BBC

Nigel Farage this week complained directly to Lord Hall, the director general of the BBC, about the news reports which contained the wrongful claim that he had ‘blood on his hands’ for the death last August of a Polish man, who the corporation also sensationally and wrongfully alleged had been murdered in a frenzied, unprovoked attack by a gang of youths fired by race hate following the EU Referendum.

It has emerged in court that almost every element of these initial reports were untrue: that the crime in Harlow, Essex, was nothing whatsoever to do with Brexit or race hate on behalf of English people. The sordid truth is that Arkadiusz Jozwik, the Polish man, drunkenly provoked a single 15-year-old youth into punching him, with the result that he fell over and cracked his head, causing the fatal injuries. It was manslaughter, for which Chelmsford Crown Court gave the youth three years in custody.

Mr Farage took the trouble of personally delivering to Broadcasting House in London the complaint letter, which set out in detail why the BBC’s reporting of the death of Mr Jozwik was seriously in breach of the BBC Charter and editorial standards. The essence of this is set out in articles on TCW and News-watch here, and here.

The former UKIP leader outlined in addition that, after the reports appeared – and, he believed, as a direct result of them – he and his family had faced enormous personal distress. They were subjected to vile name-calling and abuse to the point of needing protection.

How has the BBC responded? Normal decency and courtesy would surely dictate that allegations of this gravity from a figure of the stature of Mr Farage should at least be met with a personal meeting and some kind of detailed response, even if – as is virtually inevitable with complaints submitted to the BBC – any wrongdoing is ruled out.

So far, however, this appears not to be on the cards. Instead, the Corporation hastily issued through its press office a terse statement which said that the BBC ‘vehemently defended’ its reporting, that its coverage of the Harlow killing was ‘fair’ and was in line with speculation also carried elsewhere that ‘racial motivation’ was a ‘line of enquiry’. In other words, a dead bat.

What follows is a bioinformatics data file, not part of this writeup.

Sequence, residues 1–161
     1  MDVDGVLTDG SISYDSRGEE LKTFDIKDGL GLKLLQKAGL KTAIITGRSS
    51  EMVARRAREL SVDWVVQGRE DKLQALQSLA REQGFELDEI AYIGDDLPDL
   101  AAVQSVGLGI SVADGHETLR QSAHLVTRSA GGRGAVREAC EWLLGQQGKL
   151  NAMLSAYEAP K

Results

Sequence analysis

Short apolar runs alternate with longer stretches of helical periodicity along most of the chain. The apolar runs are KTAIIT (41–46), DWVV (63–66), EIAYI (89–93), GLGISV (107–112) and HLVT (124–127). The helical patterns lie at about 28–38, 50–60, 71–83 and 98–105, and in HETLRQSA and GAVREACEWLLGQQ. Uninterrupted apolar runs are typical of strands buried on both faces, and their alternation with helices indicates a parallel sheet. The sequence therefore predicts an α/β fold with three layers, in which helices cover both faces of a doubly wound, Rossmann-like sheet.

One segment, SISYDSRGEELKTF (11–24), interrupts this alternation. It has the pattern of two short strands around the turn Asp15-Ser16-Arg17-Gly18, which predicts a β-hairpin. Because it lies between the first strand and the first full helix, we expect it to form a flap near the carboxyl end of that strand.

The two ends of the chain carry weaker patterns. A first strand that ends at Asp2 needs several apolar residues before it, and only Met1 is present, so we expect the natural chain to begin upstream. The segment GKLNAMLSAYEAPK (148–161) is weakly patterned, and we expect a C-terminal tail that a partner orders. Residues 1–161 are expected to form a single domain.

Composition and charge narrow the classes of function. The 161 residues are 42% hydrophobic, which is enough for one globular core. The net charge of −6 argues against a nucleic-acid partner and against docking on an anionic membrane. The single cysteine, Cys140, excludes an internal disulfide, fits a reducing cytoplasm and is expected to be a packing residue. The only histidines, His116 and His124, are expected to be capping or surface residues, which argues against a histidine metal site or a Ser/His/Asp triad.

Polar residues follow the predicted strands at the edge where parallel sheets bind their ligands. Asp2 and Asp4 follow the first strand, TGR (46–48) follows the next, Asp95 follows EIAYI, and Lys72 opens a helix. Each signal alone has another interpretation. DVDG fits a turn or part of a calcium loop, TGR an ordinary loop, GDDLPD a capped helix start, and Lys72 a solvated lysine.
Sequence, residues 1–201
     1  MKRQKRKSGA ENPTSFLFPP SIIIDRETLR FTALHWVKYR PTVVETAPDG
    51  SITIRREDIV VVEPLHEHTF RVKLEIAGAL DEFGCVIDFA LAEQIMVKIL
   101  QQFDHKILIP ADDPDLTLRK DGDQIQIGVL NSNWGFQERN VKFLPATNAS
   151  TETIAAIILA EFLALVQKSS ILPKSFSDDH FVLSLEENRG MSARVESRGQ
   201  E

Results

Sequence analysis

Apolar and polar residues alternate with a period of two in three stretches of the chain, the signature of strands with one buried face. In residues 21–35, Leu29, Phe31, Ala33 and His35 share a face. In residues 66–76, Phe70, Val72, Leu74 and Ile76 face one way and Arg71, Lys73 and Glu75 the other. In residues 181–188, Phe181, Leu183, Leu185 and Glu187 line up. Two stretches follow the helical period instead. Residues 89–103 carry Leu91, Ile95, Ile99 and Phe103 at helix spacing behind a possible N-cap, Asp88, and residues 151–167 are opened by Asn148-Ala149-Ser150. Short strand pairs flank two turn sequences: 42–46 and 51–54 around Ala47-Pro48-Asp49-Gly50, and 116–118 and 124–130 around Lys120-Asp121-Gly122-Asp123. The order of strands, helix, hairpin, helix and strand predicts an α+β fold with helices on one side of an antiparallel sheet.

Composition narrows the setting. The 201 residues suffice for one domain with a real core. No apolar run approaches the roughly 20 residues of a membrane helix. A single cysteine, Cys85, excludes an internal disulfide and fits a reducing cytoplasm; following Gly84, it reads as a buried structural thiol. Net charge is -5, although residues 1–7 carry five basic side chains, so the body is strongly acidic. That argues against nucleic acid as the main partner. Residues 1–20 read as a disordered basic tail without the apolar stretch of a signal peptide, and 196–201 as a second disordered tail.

How did they know? This is one of the perpetual mysteries of the BBC news operation. Senior staff claim that they know they are meeting editorial standards but this is entirely according to their own rules, their own definition of ‘due impartiality’, and is determined internally.

A key part of Mr Farage’s complaint not dealt with by the statement was that when the true facts of the Jozwik killing emerged, they were reported at a much lesser level (primarily on the Essex pages of the BBC’s regional website) and without sufficient acknowledgment that the race-hate angle (imposed sensationally on the story by them) had been discounted. The original reports, by comparison, had been blasted at headline level on their most-watched BBC1 bulletins and BBC2 Newsnight.

It also seems that the press office statement is attempting to justify the sensationalism of the original reports by claiming that other media outlets adopted a similar tack.



But this hook-wriggling will not do. First it is the BBC’s responsibility (as with every journalistic organisation), to check the facts it reports around a suspected criminal incident, because there is a legal duty to ensure that a subsequent trial is not prejudiced by inaccurate or exaggerated reporting. It is categorically not a defence to say (as is implied in the Corporation’s response) that the BBC is in the clear because others reported in the same vein. The BBC receives large amounts of public cash to fund a lavish journalistic operation, has vast capacity to check facts, and has special and deliberately onerous public service requirements to uphold accuracy and impartiality.

Second, other reporting of the Jozwik killing did not contain a direct allegation that this was a ‘race-hate murder triggered by the Brexit vote’ or that Mr Farage had ‘blood on his hands’. It was the BBC which especially elevated the crime to that level.

For example, The Guardian’s report of the death of Mr Jozwik published the evening before the BBC’s report (at 20:28 on August 30) underlines the irresponsibility of the BBC’s reporting. It was more circumspect. The headline was ‘Six teenage boys arrested over death of Polish man’. The Guardian, of course, is a deliberately partisan newspaper which does not have the same stringent public service requirements for accuracy and responsible reporting that govern the BBC.

All things taken into account, Nigel Farage surely deserves a detailed inquiry and a personal explanation from Lord Hall why the claim that he had ‘blood on his hands’ was included prominently in a BBC report. And of why a BBC correction to this grossly speculative reporting has not been conveyed at a level equal to the original reports.